In addition to a lower risk of cardiovascular disease (CVD) risk, research has also linked omega-3 fatty acids to improved heart rhythms, and a reduced risk of a second heart attack.

Indeed, the first report of the reduced risk of a second heart attack was published in 2006 in The American Journal of Cardiology (Vol. 97, pp. 1127- 1130) by researchers from the Mid America Heart Institute and the University of Missouri.

Recently, Italian researchers reported that a daily supplement of omega-3 polyunsaturated fatty acids (EPA and DHA) may reduce mortality and admission to hospital for cardiovascular reasons in patients with heart failure by 8 and 9 per cent, respectively.

3.2 Cognitive performance

The second most established area of research, particularly for the marine omega-3 fatty acids, is cognitive performance and reducing the rate of agerelated cognitive decline.

Two studies published in April 2007 in the American Journal of Clinical Nutrition reported that regular consumption of omega-3-rich food could prevent age-related cognitive decline. The studies, from the Dutch National Institute for Public Health and the Environment, and the University of North Carolina, stated that only a limited number of studies have looked at the decline in cognitive function that precedes these diseases.

Researchers have started focusing their attention on Alzheimer's disease. A pre-clinical study, supported by DHA-supplier Martek, reported that DHA may cut the build-up of a certain protein linked to Alzheimer's (Journal of Neuroscience, April 2007, Vol. 27). The study used genetically modified mice, and is reported to be the first study to show that DHA may slow the accumulation of a protein, tau, that leads to the development of neurofibrillary tangles, one of two signature brain injuries of Alzheimer's disease.

Results of a clinical trial published in the Archives of Neurology (Vol. 63, pp. 1402-1408) reported that a daily supplement of 1720 mg DHA and 600 mg EPA showed promise for the slow mental decline in people with very mild Alzheimer's disease, but had no impact on people with more advanced forms.

3.3 Mood and behavior

Linked to cognitive performance are reports that supplements of the fatty acids may improve mood and behavior. Several studies have reported that supplementation with EPA and DHA may result in improvements in behavior and learning of children, although such studies have their critics.

In terms of mood, several studies, such as the French study published in 2008 in the American Journal of Clinical Nutrition, have reported benefits for omega-3 and symptoms of depression (May 2008, Vol. 87, pp. 1156-1162).

Moreover, a joint Anglo-Iranian study reported that depression ratings were cut by 50 per cent following daily one gram supplements of EPA, an effect similar to that obtained by the antidepressant drug fluoxetine, according to findings published in the Australian and New Zealand Journal of Psychiatry (2008, Vol. 42, pp. 192-198).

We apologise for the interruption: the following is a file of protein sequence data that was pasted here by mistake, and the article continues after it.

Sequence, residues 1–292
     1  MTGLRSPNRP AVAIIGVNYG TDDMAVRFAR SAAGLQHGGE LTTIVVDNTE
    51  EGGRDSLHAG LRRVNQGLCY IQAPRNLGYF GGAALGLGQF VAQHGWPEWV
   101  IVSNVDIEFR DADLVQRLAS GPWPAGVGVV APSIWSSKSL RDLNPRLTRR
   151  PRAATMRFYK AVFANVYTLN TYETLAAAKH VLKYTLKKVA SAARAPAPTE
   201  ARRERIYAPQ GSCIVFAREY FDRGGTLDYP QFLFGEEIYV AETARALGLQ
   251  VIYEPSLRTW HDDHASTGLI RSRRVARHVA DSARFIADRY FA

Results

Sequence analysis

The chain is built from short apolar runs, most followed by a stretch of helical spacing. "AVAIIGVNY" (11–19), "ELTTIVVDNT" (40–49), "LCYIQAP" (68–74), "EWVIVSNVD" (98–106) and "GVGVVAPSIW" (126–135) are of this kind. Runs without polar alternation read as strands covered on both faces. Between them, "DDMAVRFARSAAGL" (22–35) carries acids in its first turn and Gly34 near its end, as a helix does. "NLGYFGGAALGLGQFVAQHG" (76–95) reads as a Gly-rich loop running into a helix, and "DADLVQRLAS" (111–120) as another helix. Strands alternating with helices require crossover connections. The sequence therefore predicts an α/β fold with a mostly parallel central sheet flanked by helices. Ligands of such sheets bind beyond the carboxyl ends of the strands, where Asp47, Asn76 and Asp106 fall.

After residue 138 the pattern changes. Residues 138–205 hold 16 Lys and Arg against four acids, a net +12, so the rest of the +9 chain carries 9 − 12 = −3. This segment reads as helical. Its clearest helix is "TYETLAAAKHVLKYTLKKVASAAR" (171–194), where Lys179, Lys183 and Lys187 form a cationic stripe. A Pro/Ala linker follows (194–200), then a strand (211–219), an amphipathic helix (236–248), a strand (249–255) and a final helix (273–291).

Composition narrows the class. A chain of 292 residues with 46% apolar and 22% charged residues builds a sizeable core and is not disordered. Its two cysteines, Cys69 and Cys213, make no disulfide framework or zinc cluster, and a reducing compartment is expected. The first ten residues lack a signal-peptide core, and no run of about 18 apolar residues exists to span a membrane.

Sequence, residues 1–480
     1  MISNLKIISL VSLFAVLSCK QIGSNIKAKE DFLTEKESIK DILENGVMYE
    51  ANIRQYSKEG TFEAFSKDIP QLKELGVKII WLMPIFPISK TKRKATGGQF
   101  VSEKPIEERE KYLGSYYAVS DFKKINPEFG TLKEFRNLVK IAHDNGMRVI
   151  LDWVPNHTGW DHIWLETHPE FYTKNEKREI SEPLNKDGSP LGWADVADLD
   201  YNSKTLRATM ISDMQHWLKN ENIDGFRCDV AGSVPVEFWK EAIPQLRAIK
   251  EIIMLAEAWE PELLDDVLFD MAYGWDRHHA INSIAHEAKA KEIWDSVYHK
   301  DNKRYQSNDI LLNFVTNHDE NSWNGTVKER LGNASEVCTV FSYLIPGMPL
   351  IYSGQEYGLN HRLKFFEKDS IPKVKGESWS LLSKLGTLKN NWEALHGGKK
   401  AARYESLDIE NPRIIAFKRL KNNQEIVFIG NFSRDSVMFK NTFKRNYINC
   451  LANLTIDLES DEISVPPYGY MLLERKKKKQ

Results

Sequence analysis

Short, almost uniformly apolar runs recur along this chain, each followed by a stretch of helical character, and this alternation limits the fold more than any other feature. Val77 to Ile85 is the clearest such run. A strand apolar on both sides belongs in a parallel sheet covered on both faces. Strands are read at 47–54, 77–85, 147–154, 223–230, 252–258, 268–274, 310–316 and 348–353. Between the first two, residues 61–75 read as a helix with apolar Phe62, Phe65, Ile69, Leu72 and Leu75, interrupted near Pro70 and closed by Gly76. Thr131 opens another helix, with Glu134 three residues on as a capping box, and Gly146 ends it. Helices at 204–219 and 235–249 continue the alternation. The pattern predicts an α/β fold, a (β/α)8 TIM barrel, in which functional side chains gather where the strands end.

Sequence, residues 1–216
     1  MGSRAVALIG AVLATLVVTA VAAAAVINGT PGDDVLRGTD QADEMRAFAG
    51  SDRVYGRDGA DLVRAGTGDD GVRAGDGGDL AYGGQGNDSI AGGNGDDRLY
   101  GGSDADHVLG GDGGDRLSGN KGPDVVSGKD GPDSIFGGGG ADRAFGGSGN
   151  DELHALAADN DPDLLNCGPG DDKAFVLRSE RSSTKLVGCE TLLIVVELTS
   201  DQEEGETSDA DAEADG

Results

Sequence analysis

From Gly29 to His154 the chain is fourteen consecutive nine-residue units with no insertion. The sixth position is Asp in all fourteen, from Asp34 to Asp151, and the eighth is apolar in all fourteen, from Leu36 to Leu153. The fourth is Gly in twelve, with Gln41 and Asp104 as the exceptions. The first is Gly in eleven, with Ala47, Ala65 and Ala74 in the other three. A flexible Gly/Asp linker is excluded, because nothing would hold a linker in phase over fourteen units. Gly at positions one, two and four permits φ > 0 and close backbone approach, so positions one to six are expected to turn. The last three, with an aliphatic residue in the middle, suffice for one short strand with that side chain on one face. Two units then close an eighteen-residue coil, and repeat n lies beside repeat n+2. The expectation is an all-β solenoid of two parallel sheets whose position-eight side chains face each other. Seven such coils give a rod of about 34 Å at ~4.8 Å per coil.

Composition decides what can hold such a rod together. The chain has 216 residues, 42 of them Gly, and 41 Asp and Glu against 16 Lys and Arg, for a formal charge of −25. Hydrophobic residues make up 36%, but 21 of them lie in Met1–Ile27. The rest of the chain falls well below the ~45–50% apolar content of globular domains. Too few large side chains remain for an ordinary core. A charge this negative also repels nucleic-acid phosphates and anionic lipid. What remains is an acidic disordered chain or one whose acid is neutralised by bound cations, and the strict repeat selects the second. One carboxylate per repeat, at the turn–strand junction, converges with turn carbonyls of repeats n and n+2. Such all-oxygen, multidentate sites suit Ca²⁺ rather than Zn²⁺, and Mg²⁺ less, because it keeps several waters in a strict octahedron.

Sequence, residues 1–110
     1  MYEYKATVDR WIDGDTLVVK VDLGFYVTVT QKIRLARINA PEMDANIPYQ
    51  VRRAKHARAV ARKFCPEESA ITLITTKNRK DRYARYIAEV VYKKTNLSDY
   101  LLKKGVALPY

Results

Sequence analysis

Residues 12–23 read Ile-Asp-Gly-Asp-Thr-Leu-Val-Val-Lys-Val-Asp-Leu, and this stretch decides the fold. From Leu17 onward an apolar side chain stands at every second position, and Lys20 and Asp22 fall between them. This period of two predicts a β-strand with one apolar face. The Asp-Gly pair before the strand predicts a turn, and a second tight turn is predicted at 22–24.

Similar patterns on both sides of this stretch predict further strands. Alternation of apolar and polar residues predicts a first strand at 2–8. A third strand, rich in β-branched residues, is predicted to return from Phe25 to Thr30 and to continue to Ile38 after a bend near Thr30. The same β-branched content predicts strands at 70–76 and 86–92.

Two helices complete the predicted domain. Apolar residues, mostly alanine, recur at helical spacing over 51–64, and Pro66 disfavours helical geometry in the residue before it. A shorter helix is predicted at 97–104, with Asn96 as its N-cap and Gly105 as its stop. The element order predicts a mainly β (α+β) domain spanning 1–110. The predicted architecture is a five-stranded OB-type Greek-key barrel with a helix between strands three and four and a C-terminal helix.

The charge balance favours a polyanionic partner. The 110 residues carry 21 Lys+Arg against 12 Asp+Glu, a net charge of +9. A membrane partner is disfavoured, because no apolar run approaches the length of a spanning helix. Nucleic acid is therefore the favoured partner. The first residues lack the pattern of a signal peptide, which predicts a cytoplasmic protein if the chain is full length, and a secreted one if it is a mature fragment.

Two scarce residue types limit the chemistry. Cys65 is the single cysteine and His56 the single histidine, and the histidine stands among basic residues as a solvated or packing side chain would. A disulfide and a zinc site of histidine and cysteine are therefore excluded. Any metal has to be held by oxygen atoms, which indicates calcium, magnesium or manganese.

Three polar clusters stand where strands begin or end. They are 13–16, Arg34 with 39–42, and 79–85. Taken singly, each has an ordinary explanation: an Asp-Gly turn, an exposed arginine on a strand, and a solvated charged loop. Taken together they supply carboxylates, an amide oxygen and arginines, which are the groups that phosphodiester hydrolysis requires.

However, the science overall is insufficient to support a link between omega- 3 and depression, said the British Medical Journal's Drug and Therapeutics Bulletin (DTB) in February 2007.

3.4 Cancer

A small number of epidemiological and animal studies have reported potential role of omega-3 in the prevention of certain cancers, such as breast, prostate, and colorectal cancer.

However, various experts in this field still question if the fatty acids offer primary prevention.

3.5 Eyes & vision

Looking further afield, the fatty acids may also play a role in maintaining eye health and reducing the risk of conditions such as age-related macular degeneration (AMD), the leading cause of blindness in the over-fifties.

It is known that omega-3 fatty acids, and particularly DHA, play an important role in the layer of nerve cells in the retina, and studies have already reported that omega-3 may protect against the onset of AMD.

A study published in 2008 in the American Journal of Clinical Nutrition, for example, reported that an increased consumption of DHA and EPA may reduce the risk of AMD by about 70 per cent.

ALA may also have eye benefits, according to findings published in the February 2008 issue of the Archives of Ophthalmology. Researchers at the Schepens Eye Research Institute in Boston, Massachusetts, and the Massachusetts Eye and Ear Infirmary Cornea Service reported that a topical application of the fatty acid may ease the symptoms of dry-eye syndrome.

3.6 Mother and child

development of a foetus during pregnancy. Many studies have already reported the necessity of would-be mothers to ensure high intakes of omega- 3 fatty acids, and concerns over contaminants and pollutants in fish have promoted supplemental forms.

A recent study from Canada, for example, reported that an increased intake of the omega-3 DHA during pregnancy could produce improved motor function in the offspring in later life (The Journal of Pediatrics, March 2008, Vol. 152, pp. 356-364.e1).

And increased levels were linked to improved visual, cognitive, and motor development in the offspring, report the researchers from Wayne State University School of Medicine, Detroit and Laval University.

3.7 Other benefits

Other health conditions, such as diabetes, skin health, and weight management, may also benefit from increased omega-3 consumption. The science supporting these potential benefits is less established, however.


It is now a well-established fact that omega-3 fatty acids are required nutrients for a healthy pregnancy and baby.

It is also a fact that the human body does not make enough omega-3 fatty acids to meet our nutritional needs during pregnancy and therefore must be obtained from the diet.

The omega-3 fatty acid DHA is particularly important to developing children and to pregnant and lactating women. A woman's demand for DHA increases substantially during pregnancy and will remain low for 9-12 months after delivery unless the diet is supplemented.

A very common dilemma faced is that: Both the Food and Drug Administration (FDA) and the Environmental Protection Agency (EPA) have sounded the alarm regarding the potential dangers of consuming too much fish because of environmental toxins that accumulate in fish.

Hence, if you are pregnant or planning to become pregnant, studies have compared levels of mercury and pesticides in fish versus fish oil supplements and concluded fish oil provide the benefits of omega-3 fatty acids without the risk of toxicity.

International experts agree that a minimum of 300 mg of DHA is necessary to meet the needs of pregnant and lactating women. So if you are avoiding fish because of fear of environmental contaminants, you may be doing your baby more harm than good. Hence, adding a high-quality fish oil supplement to your daily habits is the better option of supplying your offspring with the nutrients they need without the chance of exposing them to unnecessary toxins.